Pets

Black brown and white dog looks out at red rock landscape
Winston enjoys a walk between Sunset and Sunrise Points along the paved Rim Trail

John Babcock

Pets are wonderful animals that give comfort and companionship. However, a national park is not the best place for them. They may chase, scare, or transmit diseases to wild animals. Many pets leave behind a "predator" scent that can linger in the area for long periods of time and can disrupt or alter the behavior of the native animals this park has been set aside to protect. Dog owners looking for hoodoos and dog-friendly trails should also consider visiting nearby Red Canyon, which is managed by the U.S. Forest Service.

If you choose to bring a pet to the park, please observe the following regulations:

  • Pets are permitted on all paved surfaces in the park: campgrounds, parking lots, paved roads, paved viewpoint areas, on the paved trail between Sunset Point and Sunrise Point, and on the paved Shared Use Path between the park entrance and Inspiration Point.
  • Pets are not permitted on unpaved trails or viewpoints, in public buildings or on public transportation vehicles. These regulations also apply to pets that are carried.
  • Pets must be on a leash at all times; the leash must be no longer than 6 feet.
  • Pet owners may not leave pet(s) unattended or tied to an object. Pets may not be left in vehicles while their owners hike. Be aware that idling and generator use is not permitted in park parking lots.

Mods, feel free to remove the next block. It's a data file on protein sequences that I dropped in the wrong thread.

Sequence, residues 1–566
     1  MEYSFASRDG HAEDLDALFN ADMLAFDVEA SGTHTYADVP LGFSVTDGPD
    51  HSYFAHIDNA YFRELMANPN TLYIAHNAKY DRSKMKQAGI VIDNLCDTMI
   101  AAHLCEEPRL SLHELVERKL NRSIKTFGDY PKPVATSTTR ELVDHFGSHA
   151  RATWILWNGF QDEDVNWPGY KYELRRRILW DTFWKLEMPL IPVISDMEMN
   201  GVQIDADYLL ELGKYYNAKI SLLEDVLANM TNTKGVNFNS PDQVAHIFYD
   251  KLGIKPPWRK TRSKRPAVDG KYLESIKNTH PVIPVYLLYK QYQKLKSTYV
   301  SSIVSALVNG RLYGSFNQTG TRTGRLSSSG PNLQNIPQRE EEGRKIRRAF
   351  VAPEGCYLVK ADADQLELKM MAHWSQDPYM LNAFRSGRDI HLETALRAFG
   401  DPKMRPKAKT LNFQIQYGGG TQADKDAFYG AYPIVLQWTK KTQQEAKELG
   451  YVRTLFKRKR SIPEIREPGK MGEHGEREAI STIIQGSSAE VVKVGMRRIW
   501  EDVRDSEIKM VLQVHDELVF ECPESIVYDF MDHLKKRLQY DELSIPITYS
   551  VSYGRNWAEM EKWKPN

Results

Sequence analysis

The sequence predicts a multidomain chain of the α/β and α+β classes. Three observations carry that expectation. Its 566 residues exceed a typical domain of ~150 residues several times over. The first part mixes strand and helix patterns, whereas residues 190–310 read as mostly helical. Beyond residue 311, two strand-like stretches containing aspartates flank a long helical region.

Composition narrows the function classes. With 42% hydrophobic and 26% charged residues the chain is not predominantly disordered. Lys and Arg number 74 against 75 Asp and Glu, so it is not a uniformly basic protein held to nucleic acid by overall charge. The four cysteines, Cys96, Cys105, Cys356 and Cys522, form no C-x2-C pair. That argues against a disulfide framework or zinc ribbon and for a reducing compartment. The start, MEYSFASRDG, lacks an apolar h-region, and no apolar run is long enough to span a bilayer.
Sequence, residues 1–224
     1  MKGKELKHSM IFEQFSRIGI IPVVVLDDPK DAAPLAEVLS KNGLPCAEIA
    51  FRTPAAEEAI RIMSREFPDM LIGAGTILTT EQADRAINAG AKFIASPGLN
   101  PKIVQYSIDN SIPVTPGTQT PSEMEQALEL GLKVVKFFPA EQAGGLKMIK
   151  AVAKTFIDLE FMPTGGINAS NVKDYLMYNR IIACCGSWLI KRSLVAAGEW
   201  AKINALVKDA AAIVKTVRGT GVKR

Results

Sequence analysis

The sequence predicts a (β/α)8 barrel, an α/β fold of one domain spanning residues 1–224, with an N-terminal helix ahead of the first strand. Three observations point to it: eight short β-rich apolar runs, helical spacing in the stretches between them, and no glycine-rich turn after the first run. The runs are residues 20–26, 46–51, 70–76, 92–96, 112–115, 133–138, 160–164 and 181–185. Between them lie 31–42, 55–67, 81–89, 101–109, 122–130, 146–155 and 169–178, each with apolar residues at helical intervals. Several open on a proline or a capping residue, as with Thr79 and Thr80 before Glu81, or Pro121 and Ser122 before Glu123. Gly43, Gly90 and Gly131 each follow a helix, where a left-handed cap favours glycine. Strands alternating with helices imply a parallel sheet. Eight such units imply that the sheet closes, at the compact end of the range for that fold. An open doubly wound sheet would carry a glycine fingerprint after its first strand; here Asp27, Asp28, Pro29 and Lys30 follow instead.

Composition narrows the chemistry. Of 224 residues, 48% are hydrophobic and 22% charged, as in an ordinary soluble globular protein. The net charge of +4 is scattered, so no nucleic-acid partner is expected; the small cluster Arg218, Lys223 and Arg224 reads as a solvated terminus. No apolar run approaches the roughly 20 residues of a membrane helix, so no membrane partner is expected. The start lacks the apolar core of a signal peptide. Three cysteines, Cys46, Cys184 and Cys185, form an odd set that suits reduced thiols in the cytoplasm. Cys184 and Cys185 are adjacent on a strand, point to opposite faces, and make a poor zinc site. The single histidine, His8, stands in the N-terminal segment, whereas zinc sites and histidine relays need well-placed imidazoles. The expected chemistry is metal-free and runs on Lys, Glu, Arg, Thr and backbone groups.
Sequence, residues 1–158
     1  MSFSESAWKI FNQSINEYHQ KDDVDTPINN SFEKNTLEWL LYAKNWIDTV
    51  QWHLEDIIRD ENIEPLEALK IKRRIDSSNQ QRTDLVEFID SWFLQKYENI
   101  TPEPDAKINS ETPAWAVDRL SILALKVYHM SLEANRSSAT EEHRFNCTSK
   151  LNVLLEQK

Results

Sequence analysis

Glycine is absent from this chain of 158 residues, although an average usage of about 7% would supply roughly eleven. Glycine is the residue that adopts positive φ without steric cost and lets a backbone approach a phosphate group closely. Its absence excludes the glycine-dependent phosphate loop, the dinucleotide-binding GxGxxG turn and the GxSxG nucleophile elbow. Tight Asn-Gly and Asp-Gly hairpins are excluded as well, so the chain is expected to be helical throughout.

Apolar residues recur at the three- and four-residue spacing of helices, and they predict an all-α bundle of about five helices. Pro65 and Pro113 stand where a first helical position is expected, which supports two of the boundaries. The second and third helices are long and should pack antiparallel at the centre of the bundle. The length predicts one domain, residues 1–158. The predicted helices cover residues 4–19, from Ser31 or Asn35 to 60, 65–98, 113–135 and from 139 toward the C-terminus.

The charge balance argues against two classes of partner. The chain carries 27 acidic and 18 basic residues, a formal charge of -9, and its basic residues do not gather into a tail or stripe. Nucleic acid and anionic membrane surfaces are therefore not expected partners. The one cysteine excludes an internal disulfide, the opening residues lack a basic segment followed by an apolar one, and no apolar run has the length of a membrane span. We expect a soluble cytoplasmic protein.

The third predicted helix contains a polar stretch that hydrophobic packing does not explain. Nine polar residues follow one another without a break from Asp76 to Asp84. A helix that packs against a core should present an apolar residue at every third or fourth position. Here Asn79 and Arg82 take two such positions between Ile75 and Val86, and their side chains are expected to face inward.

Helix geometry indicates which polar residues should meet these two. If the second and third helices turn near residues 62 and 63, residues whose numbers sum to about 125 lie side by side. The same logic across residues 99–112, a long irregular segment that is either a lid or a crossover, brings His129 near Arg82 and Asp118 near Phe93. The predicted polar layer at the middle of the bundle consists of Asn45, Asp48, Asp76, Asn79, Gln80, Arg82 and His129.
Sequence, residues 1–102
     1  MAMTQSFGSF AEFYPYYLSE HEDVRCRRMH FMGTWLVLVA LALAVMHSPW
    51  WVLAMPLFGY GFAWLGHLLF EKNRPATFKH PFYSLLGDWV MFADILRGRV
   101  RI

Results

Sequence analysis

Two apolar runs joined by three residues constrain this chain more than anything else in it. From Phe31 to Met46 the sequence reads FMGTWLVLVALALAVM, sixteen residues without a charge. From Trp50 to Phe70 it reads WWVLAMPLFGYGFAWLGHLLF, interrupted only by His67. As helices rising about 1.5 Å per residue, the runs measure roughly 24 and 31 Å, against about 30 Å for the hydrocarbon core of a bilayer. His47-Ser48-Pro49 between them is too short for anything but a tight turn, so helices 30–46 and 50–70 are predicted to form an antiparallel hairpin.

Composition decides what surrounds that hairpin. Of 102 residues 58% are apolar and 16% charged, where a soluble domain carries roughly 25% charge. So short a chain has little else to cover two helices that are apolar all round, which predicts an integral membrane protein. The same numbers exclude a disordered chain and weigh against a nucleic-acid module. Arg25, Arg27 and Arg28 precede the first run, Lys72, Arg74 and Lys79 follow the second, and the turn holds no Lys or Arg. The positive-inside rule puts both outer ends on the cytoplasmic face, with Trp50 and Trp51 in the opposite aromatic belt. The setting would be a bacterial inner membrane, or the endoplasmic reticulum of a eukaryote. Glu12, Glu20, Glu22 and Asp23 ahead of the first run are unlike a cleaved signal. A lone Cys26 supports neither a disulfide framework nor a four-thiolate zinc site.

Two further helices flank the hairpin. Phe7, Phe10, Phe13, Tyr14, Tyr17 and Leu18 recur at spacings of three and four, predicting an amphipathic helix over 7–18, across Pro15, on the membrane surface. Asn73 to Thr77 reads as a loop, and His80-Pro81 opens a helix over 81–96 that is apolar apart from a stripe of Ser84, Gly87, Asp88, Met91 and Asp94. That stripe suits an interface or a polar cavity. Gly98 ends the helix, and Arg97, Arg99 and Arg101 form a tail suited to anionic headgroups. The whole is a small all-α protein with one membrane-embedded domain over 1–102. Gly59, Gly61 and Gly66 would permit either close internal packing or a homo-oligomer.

• Pets may not make unreasonable noise.
  • Pet owners are required to pick-up after their pets (excrement and other solid waste).

Pet owners not adhering to regulations may be cited (minimum fine is $75). 36-CFR 2.15 provides more details concerning pets within National Park Service areas.

Kennels near Bryce Canyon are located in Panguitch (30 mi, 48 km), Richfield (100 mi, 160 km), Cedar City (85 mi, 136 km), and Kanab (74 mi, 119 km).

Service Animals

The park receives many questions about what constitutes a service animal and where they're permitted to go. Only Service Animals recognized by the ADA are permitted to accompany their owners off pavement. Service animals are permitted to go anywhere visitors are permitted to go. NPS policy defines a service animal as a dog that has been individually trained to do work or perform tasks for the benefit of an individual with a disability, including a physical, sensory, psychiatric, intellectual, or other mental disability. The tasks performed by the animal must be directly related to the person’s disability. Read more about Accessibilty at Bryce Canyon.

Is my Emotional Support Animal considered a service animal?

No. Provision of emotional support, well-being, comfort, or companionship does not constitute work or tasks for the purposes of what is defined as a service animal in the NPS policy. Emotional support, therapy, comfort, or companion animals can be any animal, not just a dog. The presence of these animals provides a calming effect for many people, but they do not qualify as service animals because they have not been trained to perform a specific job or task. Therefore, a park can treat an emotional support animal as a pet in accordance with its pet policy.

Last updated: July 23, 2020

Contact the Park

Mailing Address:

P.O Box 640201
Bryce, UT 84764

Phone:

(435) 834-5322
Phones are answered and messages returned as soon as possible as staffing allows.

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